Art and Madness: A Memoir of Lust Without Reason

Art and Madness: A Memoir of Lust Without Reason BY Anne Roiphe. Nan A. Talese. Hardcover, 240 pages. $24.

The cover of Art and Madness: A Memoir of Lust Without Reason

George Plimpton slept with Anne Roiphe and forgot about it. Doc Humes would show up on her doorstep late at night—then walked out of her life forever. Recalling her intimate encounters with another literary Olympian, William Styron, Roiphe writes, “I try to say interesting things to him. His eyes are always far away as if he were staring at me across a muddy river where the mist never lifts.”

Call it the fog of gender war. Even if the introspective young narrator of Roiphe’s sex-trophy memoir, Art and Madness, can come across as a glutton for punishment, her experience of the hard-partying New York literary circle of the 1950s and ’60s might have been the best an intelligent and attractive young woman could have hoped for. “We girls, not yet called women, were like the Greek chorus,” Roiphe writes, “mopping up after the battle was over, emptying ashtrays, carrying the glasses to the sink.” She contemplates this tumultuous decade or so of her life with the cool remove of someone who has had a half century to think it over, during which time she has become an accomplished writer. She put herself through more emotional suffering than it was worth, she decides. But even if she paints an unsentimental portrait of the celebrated Paris Review set, it’s easy to understand why she remained a part of it.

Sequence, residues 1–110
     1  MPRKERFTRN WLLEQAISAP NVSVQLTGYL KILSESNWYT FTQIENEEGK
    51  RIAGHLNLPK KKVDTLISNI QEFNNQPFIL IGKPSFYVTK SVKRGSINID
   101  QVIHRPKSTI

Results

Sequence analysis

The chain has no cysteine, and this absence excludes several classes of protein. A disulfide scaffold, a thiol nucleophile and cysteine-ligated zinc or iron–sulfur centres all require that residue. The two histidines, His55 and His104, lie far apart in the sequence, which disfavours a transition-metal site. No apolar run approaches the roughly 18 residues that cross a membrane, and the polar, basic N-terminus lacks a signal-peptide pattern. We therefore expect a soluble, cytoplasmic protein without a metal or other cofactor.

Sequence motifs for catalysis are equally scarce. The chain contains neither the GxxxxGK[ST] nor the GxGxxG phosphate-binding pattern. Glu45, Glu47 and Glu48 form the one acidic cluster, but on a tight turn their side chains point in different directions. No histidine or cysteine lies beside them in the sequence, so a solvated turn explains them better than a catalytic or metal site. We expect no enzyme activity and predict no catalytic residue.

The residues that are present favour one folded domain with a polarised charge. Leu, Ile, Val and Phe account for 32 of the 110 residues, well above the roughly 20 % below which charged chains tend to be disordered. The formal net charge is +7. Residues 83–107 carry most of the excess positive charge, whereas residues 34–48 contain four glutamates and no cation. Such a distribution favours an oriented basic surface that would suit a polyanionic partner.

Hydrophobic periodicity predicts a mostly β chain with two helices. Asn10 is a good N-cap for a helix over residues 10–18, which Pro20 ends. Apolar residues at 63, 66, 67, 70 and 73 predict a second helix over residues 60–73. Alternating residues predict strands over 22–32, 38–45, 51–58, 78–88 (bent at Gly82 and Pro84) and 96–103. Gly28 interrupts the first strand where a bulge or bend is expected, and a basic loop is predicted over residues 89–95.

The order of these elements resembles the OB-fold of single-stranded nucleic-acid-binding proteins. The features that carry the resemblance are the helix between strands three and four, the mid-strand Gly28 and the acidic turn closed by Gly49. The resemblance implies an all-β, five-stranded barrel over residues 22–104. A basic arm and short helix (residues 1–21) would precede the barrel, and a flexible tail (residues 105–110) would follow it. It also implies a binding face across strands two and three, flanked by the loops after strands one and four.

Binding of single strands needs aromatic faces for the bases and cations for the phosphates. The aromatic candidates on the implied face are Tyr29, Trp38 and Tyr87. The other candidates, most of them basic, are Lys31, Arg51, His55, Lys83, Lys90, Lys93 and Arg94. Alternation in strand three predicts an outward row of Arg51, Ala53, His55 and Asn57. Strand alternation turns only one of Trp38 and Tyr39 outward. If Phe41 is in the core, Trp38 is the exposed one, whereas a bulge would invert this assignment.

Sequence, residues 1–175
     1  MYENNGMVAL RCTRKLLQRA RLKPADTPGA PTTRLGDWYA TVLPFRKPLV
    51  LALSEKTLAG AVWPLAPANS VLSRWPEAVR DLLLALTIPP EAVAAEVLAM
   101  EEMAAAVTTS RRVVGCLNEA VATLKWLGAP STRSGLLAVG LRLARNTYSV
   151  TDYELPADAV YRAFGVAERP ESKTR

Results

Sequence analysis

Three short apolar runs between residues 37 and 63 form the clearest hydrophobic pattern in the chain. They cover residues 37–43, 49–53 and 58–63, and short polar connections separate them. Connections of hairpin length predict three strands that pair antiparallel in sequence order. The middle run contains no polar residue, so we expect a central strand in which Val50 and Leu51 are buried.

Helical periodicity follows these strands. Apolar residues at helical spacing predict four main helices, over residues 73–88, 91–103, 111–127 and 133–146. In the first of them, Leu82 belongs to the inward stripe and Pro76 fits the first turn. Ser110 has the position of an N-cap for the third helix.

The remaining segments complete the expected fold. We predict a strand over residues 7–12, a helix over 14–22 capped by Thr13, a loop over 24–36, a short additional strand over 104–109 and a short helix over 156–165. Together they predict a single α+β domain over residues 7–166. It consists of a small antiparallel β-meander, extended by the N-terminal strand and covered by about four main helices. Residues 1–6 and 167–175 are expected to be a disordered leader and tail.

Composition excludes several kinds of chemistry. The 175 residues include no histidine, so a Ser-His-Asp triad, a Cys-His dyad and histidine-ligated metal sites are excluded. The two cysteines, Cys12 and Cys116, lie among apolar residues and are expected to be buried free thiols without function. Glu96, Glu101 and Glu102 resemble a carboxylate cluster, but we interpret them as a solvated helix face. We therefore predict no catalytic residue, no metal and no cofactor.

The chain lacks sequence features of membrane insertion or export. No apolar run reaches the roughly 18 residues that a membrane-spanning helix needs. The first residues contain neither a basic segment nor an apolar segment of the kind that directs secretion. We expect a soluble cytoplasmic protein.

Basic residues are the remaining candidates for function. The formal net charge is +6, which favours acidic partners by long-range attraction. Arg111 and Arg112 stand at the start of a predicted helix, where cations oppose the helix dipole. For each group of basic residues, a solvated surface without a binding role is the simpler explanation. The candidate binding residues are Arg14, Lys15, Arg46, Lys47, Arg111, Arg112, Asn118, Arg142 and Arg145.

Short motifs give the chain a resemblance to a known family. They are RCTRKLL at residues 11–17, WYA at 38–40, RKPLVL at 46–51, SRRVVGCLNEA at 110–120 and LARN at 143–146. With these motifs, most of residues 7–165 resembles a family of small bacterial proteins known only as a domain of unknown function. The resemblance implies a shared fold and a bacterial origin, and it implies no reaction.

Admittedly, readers of the author’s childhood memoir, 1185 Park Avenue (1999), will understand her reasons even better. That book picked through Roiphe’s upbringing, a privileged one soured by the stigma of Jewishness and by her supremely dysfunctional parents. In Art and Madness, we see Roiphe as a young adult yearning to break free in an era “when the lid was on.” Like her bohemian peers, she longs for a life that is “like the big waves at the shore, to be rushed into, to be ridden up and down, life that tasted of salt and could pull you out over your head.”

Anne Roiphe in the Hamptons, ca. 1960s.
Anne Roiphe in the Hamptons, ca. 1960s.

For a young woman who grew up with servants cutting the crusts off her sandwiches, Roiphe does an admirable job replicating the adventures of Henry Miller, André Gide, and her other literary heroes. While her classmates at Smith college are knitting socks for their Harvard boyfriends, she’s staking out a lesbian bar in Greenwich Village and losing her virginity to an American writer in Paris. That relationship ends the moment she realizes he lacks talent. “Perhaps I was a gold digger and my gold was literary fame,” Roiphe muses, with typical candor. She sees more promise in the man who becomes her first husband, a striking playwright who speaks in long, eloquent sentences but pawns her heirlooms to pay his bar tab and picks up other women right in front of her. On their honeymoon, he disappears on a four-day bender.

But Roiphe ignores her own needs to care for him—and for their child—in the name of art, which she sees as the only viable escape from everyday lies and convention. Great creators, therefore, “have permission to do the unthinkable because they cannot be bound by our rules.” But when her husband’s play flops, she starts to see the injustice of their arrangement for what it is. The marriage ends, and Roiphe is twenty-seven and ostensibly without a cause. The most surprising moment in this thoughtful memoir, then, is not her lukewarm account of the legendary scuffle between Humes and Norman Mailer, but her revelation that “there had never been a moment in my conscious life when I was not planning on becoming a writer.” Turns out that Park Avenue girl with the nice legs had words in her head the whole time.